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NHF-KSU-Swabbing-PEDVbreak-1540.jpg Cassie Jones/Kansas State University

PEDV break provides opportunity to investigate biosecurity gaps

The environmental swabbing exercise helped the team identify key problem areas on the farm, including the office and the shower.

When the Kansas State Swine Teaching and Research Center broke with porcine epidemic diarrhea virus last spring, the researchers, led by K-State swine specialist Steve Dritz, began environmental swabbing the farrow-to-finish site — first two weeks after the infection, and then again at four, six, eight, 12 and 16 weeks. The team swabbed at different locations and characterized them based on risk, finding the highest risk areas were allowing the virus to travel some distance from the farm.

“The highest risk for transfer to other locations were those outside of the fenced perimeter,” says Cassie Jones, associate professor and member of the Kansas State University Feed Safety Team. “There was no reason, based on our biosecurity protocols, that we should have had any virus leaving the farm, but it was. We found PEDV-positive PCR swabs in employee apartments, student vehicles and in the walkways to and from the farm. Our highest concern was around how can we clean up those areas first.”

As the team further examined the positive areas outside the farm’s perimeter, Jones says several of them were linked to dirty and contaminated transition zones, transition zones that the K-State team thought were going to be capable of maintaining and controlling the virus.

“In fact, some of those transition zones were even dirtier than areas inside the perimeter and closer to barns,” Jones says. “Certainly, as we looked at non-pig contact areas and pig contact areas within the farm, we had high levels of contamination as you would expect in the midst of an outbreak, but fortunately no positives were ever detected at the feed mill or at a nearby nursery that served as our gilt isolation unit.”

The environmental swabbing exercise did help the team identify key problem areas on the farm, including the office and the shower. In fact, 81% of the transition area samples (shower/changing area and office) and 66% of samples from non-pig contact areas outside the barns initially tested positive for PEDV.

“The floors and the desks of the employees that work within the farm continued to be a potential risk, but it took us swabbing those areas repeatedly to understand that people movement can significantly contribute to transmission of virus from one location to another,” Jones says. “For example, at one point one of the employee’s desks had a higher level of PEDV RNA than some of the lactation stalls that had been previously housing sows shedding virus.”

The team also found quite a bit of contamination throughout the shower area. This was attributed to dirty coveralls being left in the shower or laundered within the transition area. After following the suggestion of farm employees, the coveralls are now moved out of the transition area altogether and the additional step has kept the area free of viral contamination.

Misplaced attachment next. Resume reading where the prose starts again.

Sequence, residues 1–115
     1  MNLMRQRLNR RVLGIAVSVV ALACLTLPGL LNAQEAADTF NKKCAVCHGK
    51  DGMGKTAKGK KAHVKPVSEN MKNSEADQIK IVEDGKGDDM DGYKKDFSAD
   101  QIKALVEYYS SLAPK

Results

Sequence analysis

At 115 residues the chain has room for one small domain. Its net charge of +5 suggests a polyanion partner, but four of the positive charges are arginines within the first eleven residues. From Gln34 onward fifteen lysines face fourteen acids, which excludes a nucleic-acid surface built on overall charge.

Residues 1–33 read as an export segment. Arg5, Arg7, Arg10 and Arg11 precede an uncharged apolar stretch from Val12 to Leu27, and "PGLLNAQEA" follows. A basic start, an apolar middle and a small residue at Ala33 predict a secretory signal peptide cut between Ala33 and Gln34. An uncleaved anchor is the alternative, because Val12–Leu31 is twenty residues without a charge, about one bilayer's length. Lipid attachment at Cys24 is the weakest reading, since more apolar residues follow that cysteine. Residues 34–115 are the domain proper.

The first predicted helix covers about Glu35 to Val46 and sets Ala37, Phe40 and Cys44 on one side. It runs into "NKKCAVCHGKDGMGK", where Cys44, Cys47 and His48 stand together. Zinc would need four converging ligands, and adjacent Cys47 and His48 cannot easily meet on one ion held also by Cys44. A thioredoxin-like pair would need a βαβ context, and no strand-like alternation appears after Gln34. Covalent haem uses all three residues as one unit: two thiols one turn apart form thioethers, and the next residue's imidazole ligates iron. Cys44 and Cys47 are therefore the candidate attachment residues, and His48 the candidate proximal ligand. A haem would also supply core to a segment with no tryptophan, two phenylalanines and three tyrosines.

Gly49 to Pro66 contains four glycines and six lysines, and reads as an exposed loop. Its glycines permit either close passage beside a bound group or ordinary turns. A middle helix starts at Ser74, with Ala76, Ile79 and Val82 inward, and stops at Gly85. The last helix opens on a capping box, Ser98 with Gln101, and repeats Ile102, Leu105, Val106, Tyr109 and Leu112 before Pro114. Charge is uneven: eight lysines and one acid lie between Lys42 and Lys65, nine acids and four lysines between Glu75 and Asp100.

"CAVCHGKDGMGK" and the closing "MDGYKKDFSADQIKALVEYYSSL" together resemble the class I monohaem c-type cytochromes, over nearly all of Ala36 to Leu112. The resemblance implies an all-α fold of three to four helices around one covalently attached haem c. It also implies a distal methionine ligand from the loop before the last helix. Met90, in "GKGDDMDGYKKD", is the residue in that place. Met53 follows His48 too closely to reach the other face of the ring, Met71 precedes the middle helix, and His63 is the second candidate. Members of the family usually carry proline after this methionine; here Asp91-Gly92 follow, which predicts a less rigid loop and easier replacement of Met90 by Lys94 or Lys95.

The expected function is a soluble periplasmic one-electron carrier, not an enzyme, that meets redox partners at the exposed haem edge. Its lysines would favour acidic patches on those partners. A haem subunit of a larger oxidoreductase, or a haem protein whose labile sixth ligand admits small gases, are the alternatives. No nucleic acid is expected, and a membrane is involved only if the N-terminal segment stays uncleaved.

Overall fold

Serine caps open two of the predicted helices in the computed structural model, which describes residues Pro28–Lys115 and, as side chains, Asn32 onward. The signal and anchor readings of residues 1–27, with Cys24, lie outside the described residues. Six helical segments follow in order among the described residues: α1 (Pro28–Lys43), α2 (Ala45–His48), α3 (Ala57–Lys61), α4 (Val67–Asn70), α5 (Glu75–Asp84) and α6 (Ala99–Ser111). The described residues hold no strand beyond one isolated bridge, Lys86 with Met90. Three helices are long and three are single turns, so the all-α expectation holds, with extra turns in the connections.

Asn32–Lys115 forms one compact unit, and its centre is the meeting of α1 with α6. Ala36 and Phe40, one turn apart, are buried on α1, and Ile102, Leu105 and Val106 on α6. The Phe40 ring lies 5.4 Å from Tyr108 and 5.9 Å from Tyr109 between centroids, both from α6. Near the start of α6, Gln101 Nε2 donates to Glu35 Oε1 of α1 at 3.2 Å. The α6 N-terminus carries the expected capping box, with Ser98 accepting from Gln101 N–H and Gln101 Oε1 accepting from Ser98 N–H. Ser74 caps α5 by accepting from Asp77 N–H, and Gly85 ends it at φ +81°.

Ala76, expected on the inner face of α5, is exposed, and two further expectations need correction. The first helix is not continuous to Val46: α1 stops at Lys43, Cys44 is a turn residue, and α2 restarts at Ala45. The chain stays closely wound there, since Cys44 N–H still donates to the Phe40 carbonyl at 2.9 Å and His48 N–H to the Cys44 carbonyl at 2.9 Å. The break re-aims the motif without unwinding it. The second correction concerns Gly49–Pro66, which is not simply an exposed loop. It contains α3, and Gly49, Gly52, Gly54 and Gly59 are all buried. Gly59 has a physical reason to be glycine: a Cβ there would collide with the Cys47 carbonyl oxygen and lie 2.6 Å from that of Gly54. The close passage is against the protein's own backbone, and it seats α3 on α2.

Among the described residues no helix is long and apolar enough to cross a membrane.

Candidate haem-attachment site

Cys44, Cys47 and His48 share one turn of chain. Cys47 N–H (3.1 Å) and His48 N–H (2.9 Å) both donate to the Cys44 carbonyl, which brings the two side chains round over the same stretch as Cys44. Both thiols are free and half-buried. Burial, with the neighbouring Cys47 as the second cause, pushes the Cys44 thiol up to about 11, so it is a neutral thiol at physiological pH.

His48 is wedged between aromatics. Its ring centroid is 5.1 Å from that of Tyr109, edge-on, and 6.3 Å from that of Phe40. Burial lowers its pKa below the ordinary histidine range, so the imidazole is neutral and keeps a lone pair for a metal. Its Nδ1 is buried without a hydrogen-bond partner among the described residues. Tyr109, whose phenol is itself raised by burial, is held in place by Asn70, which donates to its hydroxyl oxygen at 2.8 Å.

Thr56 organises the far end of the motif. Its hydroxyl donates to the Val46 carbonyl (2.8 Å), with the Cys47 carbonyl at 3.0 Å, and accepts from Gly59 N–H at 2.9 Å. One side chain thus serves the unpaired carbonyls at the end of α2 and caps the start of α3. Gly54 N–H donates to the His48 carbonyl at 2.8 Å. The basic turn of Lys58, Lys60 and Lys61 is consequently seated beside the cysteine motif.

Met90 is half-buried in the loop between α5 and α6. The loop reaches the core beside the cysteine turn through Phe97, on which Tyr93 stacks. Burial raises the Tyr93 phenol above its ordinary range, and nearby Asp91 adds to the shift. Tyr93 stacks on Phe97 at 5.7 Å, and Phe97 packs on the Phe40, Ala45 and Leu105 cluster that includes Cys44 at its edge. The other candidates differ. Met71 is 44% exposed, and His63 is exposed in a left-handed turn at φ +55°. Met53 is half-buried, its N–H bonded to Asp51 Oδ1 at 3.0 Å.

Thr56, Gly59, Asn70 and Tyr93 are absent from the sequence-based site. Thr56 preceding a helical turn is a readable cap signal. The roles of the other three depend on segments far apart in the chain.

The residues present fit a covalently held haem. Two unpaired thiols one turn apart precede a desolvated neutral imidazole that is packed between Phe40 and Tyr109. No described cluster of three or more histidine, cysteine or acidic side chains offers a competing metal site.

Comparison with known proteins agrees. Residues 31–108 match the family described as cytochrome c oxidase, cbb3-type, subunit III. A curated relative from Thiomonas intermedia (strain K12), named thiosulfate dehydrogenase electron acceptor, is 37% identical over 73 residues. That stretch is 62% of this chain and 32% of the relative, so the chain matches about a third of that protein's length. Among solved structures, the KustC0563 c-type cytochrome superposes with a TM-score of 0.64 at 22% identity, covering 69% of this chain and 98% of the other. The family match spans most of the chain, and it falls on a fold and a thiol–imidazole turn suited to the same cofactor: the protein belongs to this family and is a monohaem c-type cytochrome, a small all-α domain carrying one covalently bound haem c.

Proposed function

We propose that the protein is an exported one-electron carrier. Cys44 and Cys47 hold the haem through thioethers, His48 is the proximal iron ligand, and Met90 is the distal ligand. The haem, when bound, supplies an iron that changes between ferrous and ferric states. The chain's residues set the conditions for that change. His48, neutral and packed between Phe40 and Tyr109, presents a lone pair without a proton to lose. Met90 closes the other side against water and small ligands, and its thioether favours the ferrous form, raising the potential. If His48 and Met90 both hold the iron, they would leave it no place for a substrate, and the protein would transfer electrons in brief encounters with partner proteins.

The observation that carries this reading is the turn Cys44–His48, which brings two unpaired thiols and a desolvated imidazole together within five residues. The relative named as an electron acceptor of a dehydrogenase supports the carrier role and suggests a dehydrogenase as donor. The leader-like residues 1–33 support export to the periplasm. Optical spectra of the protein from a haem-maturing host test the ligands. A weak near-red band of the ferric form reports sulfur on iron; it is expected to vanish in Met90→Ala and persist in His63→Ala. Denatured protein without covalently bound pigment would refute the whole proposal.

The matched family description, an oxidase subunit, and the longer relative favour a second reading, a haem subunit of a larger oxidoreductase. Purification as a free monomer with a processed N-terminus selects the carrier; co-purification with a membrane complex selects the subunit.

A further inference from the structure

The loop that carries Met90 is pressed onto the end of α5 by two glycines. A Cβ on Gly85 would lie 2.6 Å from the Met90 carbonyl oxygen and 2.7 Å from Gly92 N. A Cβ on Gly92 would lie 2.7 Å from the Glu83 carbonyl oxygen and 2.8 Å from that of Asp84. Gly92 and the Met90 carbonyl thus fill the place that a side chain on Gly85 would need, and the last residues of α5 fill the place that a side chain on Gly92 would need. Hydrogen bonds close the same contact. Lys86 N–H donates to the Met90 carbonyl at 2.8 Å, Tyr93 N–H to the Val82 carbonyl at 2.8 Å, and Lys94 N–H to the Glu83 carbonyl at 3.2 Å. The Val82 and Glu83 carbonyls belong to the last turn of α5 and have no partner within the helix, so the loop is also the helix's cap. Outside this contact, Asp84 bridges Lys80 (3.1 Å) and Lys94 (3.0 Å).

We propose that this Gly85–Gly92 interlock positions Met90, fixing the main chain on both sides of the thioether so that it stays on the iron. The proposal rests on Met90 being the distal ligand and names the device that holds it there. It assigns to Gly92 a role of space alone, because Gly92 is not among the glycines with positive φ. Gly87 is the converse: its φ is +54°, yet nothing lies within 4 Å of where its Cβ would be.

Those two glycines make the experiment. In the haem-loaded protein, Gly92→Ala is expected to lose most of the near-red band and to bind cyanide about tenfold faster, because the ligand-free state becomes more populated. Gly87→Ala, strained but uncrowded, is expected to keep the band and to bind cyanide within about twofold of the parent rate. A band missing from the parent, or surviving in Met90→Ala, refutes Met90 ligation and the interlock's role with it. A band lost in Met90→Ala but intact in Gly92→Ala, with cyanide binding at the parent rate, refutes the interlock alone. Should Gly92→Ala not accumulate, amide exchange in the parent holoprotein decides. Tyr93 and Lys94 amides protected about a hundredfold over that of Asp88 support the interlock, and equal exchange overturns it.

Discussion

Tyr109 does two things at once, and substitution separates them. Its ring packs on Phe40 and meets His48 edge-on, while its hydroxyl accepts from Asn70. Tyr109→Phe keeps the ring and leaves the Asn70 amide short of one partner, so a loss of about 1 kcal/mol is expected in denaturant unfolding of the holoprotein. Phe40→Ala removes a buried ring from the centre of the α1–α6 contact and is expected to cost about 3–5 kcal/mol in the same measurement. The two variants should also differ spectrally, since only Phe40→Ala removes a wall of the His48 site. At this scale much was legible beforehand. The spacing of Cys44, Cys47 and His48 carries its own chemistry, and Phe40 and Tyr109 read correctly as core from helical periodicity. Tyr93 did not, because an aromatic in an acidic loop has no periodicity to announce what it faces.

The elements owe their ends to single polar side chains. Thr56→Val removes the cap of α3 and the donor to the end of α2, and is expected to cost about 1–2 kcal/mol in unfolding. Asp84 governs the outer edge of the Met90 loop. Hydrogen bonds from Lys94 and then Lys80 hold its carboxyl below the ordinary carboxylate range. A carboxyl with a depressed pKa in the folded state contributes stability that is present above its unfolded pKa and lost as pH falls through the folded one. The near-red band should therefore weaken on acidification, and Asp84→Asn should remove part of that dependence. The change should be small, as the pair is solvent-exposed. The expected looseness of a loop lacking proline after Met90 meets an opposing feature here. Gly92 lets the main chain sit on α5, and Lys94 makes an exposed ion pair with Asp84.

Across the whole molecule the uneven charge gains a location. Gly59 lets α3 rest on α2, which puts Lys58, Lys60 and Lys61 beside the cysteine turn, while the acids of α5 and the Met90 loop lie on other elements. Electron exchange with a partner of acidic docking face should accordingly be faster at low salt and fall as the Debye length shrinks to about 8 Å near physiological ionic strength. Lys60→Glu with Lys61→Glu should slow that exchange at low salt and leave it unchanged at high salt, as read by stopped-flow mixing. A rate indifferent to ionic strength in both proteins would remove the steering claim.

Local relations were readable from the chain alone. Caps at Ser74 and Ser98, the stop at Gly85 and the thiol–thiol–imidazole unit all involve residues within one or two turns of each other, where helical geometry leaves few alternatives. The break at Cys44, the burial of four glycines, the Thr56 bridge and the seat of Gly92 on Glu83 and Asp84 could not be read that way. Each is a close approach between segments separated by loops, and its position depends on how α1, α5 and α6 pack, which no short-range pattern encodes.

Finally, recognizing that transmission would be almost certain if the virus were to get into the feed supply chain, the K-State team moved a feed truck to the inside of the farm perimeter and kept the truck going back and forth to the feed mill segregated and outside of the perimeter. Jones says even though biosecurity protocols, such as changing shoes and boots were in place, the truck cab and tires of the feed truck inside the fenced perimeter tested positive for PEDV.

“That continues to be a risk. If we would have allowed that truck to go back into the feed mill, we would have been at very high risk for feed mill contamination from the farm into the mill and then subsequently a potential source to other farm units,” Jones says. “However, because we conveyed feed across a fence line into the other feed truck, we were capable of keeping PEDV out of the mill and away from other farms.”

Jones says this additional biosecurity step in feed delivery was an important concept because while transmission can occur through feed ingredients, the delivery of feed continues to be an avenue of entry for biosecurity breaches out to farms.

“Some of our research partners in ASFV-endemic countries have similar data, where they demonstrate that feed and ingredients may not be contaminated, the feed truck cabs and the steps into the feed delivery trucks have some of the highest contamination risks,” Jones says.

While the break was unfortunate, Jones says the infection and subsequent monitoring served not only as a valuable teaching tool for the K-State students, it also provided an opportunity to modify farm and feed mill employee behavior.

“Feed delivery continues to be a weak point of biosecurity protocols on U.S. swine farms, and as we do audits, we continue to see that as the major breach point. Consider what you can do to improve it on your farms during both routine situations, but also in an extreme event, like in the event of a PEDV or an ASFV outbreak,” Jones says. “To do that, consider building in perimeters, clean and dirty lines of separation, keeping transition areas clean and taking action to maintain those clean transition areas. And then we really recommend monitoring and measuring success with environmental monitoring.”

Recommendations for how to conduct environmental monitoring, biosecurity audits and more can be found at Kansas State’s Animal Sciences and Industry Feed Safety Resources website.

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